Wednesday, September 4, 2019
The Holmes-Dracula File
The Holmes-Dracula File (1978) by Fred Saberhagen
The year is 1887 and Queen Victoria’s Jubilee is scheduled for late June. Meanwhile, a mad scientist prepares to unleash thousands of plague infected rats on the British public if his obscenely huge ransom demands aren't met. There is also a bizarre killer leaving a trail of bloodless and bloodied corpses--a killer who seems to be a madman of enormous strength. Count Dracula joins the World’s Greatest Detective in an effort to avert the impending crisis and take revenge on an enemy. The story is told alternately by Watson and the Count--in a document released long after Holmes and Watson are dead. In 1916 Holmes tells Watson that it is time to tell the true story which had been referenced in "The Sussex Vampire" as “a story for which the world is not yet prepared.” But still the world was not ready and the tale of the Giant Rat of Sumatra is not given to the public until its caretaker releases it for publication in the 1970s.
It's amazing how many fictional people didn't really die--even when their creators said they did. I've now read Holmes pastiches where Moriarty survived his plunge down the Reichenbach Falls and Stapleton didn't really drown in the Grimpen Mire. Bringing back characters from the dead seems to be the thing to do if you're going to write a Holmes story. Or if you're not into that, then just mix Holmes up with some famous person...fictional or real, it doesn't really matter. We've got Holmes and Teddy Roosevelt; Holmes vs. the Phantom of the Opera; Holmes vs. Dr. Jekyll/Mr. Hyde; Holmes and H.G. Wells and his martians; Holmes and Jack the Ripper...just to name a few. In the 1970s, Fred Saberhagen gave us a double-whammy--not only did he bring someone back from the dead; he brought back someone from the undead and then brought him into a Holmes story. Bram Stoker went to a great deal of trouble to tell us how Count Dracula was killed once and for all. Apparently, that was all stuff and nonsense. In his first book in the Dracula series (The Dracula Tape--which I haven't read, by the way), the Count tells all about how his supposed demise was a big fake to fool Van Helsing.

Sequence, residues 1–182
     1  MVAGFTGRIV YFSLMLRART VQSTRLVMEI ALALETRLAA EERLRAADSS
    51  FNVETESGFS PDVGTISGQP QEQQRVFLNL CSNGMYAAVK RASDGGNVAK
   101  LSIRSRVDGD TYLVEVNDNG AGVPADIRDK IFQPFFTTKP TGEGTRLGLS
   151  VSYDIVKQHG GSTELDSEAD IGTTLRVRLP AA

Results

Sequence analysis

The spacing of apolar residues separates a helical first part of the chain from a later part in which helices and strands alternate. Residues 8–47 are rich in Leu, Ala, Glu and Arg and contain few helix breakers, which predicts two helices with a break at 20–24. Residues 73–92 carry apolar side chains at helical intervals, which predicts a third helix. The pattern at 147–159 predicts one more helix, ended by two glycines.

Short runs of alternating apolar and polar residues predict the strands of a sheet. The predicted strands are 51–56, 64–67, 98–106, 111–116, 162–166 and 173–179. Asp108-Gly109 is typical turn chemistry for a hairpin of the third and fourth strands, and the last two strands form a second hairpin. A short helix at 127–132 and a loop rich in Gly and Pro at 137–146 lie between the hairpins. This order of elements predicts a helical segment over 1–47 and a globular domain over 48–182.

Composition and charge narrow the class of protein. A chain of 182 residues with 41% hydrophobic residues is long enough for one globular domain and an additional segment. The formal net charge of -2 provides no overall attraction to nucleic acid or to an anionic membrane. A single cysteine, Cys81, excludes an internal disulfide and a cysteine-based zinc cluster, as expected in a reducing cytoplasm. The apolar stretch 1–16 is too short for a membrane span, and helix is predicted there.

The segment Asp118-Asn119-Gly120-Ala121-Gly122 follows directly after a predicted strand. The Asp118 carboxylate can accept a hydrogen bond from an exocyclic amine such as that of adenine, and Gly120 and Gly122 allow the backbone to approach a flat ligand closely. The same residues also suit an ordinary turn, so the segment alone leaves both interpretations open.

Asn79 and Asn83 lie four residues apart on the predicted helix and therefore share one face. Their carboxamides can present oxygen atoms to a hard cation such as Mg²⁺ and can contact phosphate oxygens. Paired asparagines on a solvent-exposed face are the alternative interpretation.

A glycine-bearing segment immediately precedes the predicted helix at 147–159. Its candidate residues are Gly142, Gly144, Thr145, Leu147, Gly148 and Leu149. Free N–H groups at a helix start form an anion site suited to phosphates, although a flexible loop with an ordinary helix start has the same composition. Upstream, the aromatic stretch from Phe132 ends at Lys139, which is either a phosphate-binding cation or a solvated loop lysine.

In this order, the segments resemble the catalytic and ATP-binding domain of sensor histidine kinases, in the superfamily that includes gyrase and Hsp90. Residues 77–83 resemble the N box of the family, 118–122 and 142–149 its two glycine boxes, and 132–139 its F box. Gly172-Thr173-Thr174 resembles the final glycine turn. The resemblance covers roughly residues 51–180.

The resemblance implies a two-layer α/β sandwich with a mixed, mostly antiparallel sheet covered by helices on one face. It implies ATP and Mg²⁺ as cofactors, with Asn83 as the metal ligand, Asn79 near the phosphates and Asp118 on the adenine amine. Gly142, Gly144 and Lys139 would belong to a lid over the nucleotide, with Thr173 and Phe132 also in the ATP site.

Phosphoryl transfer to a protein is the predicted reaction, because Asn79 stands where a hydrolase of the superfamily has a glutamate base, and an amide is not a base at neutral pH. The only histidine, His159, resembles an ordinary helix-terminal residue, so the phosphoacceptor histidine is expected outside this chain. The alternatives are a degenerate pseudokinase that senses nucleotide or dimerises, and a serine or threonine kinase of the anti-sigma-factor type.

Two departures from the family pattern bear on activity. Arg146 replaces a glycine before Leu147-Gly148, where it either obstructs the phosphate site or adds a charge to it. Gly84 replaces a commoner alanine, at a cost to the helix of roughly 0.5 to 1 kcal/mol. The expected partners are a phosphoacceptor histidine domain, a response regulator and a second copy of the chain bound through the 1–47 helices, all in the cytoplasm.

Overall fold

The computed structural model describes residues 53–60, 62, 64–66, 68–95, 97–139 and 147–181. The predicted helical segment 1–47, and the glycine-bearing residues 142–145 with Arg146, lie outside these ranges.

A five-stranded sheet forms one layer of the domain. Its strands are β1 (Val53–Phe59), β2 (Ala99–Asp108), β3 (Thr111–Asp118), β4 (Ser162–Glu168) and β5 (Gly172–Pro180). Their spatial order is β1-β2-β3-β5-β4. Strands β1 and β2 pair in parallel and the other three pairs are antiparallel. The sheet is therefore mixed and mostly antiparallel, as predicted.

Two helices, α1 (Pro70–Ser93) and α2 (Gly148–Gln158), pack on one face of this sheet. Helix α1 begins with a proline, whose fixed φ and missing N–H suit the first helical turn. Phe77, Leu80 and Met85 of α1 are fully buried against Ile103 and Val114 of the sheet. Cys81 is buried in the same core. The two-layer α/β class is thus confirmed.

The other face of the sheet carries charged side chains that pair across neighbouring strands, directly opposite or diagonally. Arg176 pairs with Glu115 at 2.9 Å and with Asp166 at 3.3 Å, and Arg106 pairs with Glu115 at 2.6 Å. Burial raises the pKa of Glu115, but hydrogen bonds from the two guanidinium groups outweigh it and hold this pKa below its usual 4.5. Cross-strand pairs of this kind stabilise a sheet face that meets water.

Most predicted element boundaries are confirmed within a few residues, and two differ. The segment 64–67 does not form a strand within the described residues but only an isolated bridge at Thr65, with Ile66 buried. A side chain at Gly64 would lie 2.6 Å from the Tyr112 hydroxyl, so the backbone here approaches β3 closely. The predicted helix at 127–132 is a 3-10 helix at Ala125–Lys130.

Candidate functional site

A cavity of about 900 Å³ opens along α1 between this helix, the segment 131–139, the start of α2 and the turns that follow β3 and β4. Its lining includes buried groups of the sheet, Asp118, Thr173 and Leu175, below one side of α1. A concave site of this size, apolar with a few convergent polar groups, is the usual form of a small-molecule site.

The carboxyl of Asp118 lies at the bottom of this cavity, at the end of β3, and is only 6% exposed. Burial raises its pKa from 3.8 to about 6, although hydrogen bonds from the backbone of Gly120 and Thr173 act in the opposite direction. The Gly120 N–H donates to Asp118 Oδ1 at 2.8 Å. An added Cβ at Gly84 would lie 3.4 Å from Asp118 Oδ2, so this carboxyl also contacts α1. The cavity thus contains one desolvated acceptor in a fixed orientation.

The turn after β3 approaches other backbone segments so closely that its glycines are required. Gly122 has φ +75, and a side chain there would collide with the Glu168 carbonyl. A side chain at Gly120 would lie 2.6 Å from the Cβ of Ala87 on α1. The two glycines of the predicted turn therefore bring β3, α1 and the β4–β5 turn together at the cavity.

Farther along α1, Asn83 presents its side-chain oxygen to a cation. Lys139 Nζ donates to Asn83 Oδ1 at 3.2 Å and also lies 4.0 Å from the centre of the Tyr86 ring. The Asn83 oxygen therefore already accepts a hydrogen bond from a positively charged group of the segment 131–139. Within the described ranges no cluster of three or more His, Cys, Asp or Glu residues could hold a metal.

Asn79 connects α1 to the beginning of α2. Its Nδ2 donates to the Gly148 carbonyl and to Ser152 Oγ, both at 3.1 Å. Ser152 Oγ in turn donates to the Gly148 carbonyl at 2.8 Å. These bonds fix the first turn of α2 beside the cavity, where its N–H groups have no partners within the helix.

So....provided you can swallow that particularly large and gaudy fly, you can settle down for an interesting look at Victorian London with Dracula and Holmes working together (for different purposes) to prevent an evil doctor and his minions from unleashing those plague-ridden rats on the people of England. Holmes is, of course, working for Queen and country. Dracula is bent on a personal revenge--after all, these imbecile mortals dared to cosh him on the head with wood (one of his rare weaknesses) and experiment on him in their efforts to reintroduce the plague. Holmes is his usual brilliant self--pointing Lestrade in the right direction for the mad killer portion of the story and foreseeing the moves of the mad scientist. He works out a clever strategy with the Count to foil the evil doctor's plans.
Having gotten over the hurdle of Dracula not having been destroyed, I actually enjoyed this one very much. It doesn't do to hold on too dearly to the actual Stoker story...or to mind if Saberhagen comes up with a somewhat bizarre connection between Dracula and Holmes (beyond the whole wipe out the evil-doers thing). He does provide an intriguing explanation for why Holmes (and Mycroft) hasn't married and doesn't hold women or romantic relationships in high regard. The explanation also touches on Holmes's unconventional and, perhaps, unhappy childhood and relationship with his mother. An interesting take to say the least. Overall, Saberhagen does well with the characters--staying true to Holmes's and Watson's personalities--though Watson is a little quick to doubt Holmes's sanity when he starts talking about vampires. He also gives Dracula an interesting voice--with just enough snark when referencing the incidents with Van Helsing and company. ★★★ and 3/4.
Deaths = 7 (one stabbed; three struck by objects; one run over by carriage; one strangled; one neck broken)
Vintage Silver Card: Where (Hospital--mental hospital)
Calendar of Crime: May (author's birth month)